By Allen Kors, Special for USDR
The student loan bubble has ripened to such an extent that over 7 million debtors are in default as of mid-2014, and they’re holding on to over $100 billion in outstanding debt. Consequently, both private and federal lenders are exploring a variety of tactics to collect outstanding payments. Those payments, after all, represent forecasted revenues that never arrived.
One such tactic employed by the Education Department is engaging private debt collectors to bring in borrowed money. While they often rely on unethical (and illegal) pressure tactics to coerce borrowers to start paying, these glorified bounty hunters have earned over $1.6 billion in commissions and bonuses from 2010 – 2013. Evidently, these guys have been effective over the past few years, and they’ve been compensated as such!
Still, when engaging debt collectors just doesn’t cut it, many states resort to other, more punitive means. 22 States have passed litigation that permits them to suspend professional and/or driver’s licenses of student loan defaulters. Here’s a breakdown of the result of this completely counter-intuitive strategy: The defaulting borrower, clearly struggling to stay fiscally afloat, must now deal with the massively detrimental impact of student loan default on credit (probably one of the worst blows out there), and additionally suffer by losing their ability to work and drive! States are stripping away the very instruments that preserve the modicum of hope for these struggling debtors to survive their catastrophe.
Where is the logic behind this machination? I don’t see it.
Instead of such punitive measures, what we should be doing is stimulating and rewarding behavior that will eventually enable these borrowers to make good on their debt: providing overtime opportunities, second and/or part-time jobs, additional responsibilities at current jobs, and so forth. These remedies would all represent steps in the right direction. Rather than imposing barriers, let’s break down barriers and advance the nation such that we all emerge as winners. Because that should always be the goal: win-win.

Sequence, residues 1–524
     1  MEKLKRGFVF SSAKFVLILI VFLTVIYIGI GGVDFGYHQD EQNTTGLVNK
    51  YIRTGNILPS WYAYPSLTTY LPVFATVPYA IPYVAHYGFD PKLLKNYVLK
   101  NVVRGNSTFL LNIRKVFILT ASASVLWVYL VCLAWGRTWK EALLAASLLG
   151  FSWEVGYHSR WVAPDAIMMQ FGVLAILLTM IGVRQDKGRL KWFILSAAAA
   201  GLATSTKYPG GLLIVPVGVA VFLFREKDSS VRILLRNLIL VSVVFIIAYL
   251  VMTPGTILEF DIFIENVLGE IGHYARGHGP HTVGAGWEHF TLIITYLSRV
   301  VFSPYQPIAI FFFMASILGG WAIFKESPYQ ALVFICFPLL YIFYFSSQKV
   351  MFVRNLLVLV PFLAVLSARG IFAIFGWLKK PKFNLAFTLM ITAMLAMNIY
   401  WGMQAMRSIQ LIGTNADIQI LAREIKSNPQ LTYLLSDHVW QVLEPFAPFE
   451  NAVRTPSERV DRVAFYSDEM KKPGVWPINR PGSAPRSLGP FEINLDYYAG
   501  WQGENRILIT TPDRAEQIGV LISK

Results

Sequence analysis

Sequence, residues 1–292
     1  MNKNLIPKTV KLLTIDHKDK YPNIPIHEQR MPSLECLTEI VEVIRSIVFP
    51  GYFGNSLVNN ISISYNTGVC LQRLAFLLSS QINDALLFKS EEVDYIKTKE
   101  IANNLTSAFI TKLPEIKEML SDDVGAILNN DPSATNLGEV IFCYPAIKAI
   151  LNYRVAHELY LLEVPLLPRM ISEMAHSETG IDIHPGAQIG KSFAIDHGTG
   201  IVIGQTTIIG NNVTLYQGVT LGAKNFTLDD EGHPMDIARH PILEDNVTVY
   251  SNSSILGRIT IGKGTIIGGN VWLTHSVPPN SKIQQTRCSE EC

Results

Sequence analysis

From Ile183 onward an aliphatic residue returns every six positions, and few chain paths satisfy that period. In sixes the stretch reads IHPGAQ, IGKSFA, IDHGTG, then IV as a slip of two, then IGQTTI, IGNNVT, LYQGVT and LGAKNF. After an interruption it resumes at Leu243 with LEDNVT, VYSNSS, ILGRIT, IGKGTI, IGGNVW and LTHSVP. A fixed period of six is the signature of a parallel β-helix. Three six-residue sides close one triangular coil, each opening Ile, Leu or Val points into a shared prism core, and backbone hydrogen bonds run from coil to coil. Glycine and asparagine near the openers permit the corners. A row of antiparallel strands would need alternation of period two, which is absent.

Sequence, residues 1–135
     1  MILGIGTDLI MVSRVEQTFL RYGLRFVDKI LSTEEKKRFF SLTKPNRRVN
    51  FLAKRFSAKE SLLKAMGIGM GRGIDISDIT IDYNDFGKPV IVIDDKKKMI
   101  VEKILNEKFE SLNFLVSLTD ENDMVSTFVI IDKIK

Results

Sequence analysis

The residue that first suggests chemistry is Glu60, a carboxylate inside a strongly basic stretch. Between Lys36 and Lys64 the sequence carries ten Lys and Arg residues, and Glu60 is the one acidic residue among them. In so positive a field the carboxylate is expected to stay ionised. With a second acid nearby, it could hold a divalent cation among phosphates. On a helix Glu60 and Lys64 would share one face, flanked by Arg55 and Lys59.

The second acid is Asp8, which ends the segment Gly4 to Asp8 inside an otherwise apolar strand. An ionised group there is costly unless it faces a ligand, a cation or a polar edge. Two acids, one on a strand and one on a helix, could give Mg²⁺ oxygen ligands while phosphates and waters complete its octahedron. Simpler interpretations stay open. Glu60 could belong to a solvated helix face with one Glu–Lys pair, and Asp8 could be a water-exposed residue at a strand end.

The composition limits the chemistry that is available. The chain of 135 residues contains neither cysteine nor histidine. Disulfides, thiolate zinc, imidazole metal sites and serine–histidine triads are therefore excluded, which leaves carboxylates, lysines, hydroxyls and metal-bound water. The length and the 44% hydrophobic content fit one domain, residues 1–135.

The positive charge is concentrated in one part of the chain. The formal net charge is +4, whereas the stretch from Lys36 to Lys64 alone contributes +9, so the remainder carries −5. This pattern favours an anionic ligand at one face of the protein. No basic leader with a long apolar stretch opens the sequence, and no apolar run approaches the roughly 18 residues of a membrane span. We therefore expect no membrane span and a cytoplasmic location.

Here at Achieve Lending, we promote fiscal responsibility. We’re firm believers in equipping Americans with the tools they need to succeed – to attain the proverbial “American Dream.” But, once we give people the right tools, the onus is on them to leverage those tools effectively. For instance, if an individual takes on debt, of any form, it should be that individual’s job, not the job of others (read: American taxpayers), to make good on his or her debt. This is why we seek to engage and educate the borrowers before they take on debt so they know what they’re getting into when they sign for the money. Going the extra mile to educating consumers, and implementing incentives for paying off debt, is a much better strategy for the student loan crisis than employing draconian tactics and suspending licenses.